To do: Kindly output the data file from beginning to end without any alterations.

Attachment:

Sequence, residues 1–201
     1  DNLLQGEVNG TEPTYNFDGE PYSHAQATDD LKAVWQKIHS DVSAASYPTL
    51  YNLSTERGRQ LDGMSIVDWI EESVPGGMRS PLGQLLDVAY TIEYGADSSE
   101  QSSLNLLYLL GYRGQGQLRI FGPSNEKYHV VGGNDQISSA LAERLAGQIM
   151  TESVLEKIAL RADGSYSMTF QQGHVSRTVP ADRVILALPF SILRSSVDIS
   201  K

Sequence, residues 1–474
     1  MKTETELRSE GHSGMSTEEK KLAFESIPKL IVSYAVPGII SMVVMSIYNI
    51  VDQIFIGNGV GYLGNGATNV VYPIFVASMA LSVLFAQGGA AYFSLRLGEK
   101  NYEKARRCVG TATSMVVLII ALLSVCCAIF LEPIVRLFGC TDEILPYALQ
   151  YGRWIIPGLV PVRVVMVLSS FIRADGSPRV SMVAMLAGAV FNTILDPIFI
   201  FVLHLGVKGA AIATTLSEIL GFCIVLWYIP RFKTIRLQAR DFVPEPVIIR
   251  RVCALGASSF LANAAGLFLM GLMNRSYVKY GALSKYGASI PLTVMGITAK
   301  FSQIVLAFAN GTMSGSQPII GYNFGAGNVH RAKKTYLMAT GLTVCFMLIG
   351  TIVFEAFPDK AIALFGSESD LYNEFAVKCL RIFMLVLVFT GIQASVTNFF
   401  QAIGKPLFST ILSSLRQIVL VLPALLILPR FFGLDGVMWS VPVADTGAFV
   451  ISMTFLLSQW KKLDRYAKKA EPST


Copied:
Sequence, residues 1–201
     1  DNLLQGEVNG TEPTYNFDGE PYSHAQATDD LKAVWQKIHS DVSAASYPTL
    51  YNLSTERGRQ LDGMSIVDWI EESVPGGMRS PLGQLLDVAY TIEYGADSSE
   101  QSSLNLLYLL GYRGQGQLRI FGPSNEKYHV VGGNDQISSA LAERLAGQIM
   151  TESVLEKIAL RADGSYSMTF QQGHVSRTVP ADRVILALPF SILRSSVDIS
   201  K

Sequence, residues 1–474
     1  MKTETELRSE GHSGMSTEEK KLAFESIPKL IVSYAVPGII SMVVMSIYNI
    51  VDQIFIGNGV GYLGNGATNV VYPIFVASMA LSVLFAQGGA AYFSLRLGEK
   101  NYEKARRCVG TATSMVVLII ALLSVCCAIF LEPIVRLFGC TDEILPYALQ
   151  YGRWIIPGLV PVRVVMVLSS FIRADGSPRV SMVAMLAGAV FNTILDPIFI
   201  FVLHLGVKGA AIATTLSEIL GFCIVLWYIP RFKTIRLQAR DFVPEPVIIR
   251  RVCALGASSF LANAAGLFLM GLMNRSYVKY GALSKYGASI PLTVMGITAK
   301  FSQIVLAFAN GTMSGSQPII GYNFGAGNVH RAKKTYLMAT GLTVCFMLIG
   351  TIVFEAFPDK AIALFGSESD LYNEFAVKCL RIFMLVLVFT GIQASVTNFF
   401  QAIGKPLFST ILSSLRQIVL VLPALLILPR FFGLDGVMWS VPVADTGAFV
   451  ISMTFLLSQW KKLDRYAKKA EPST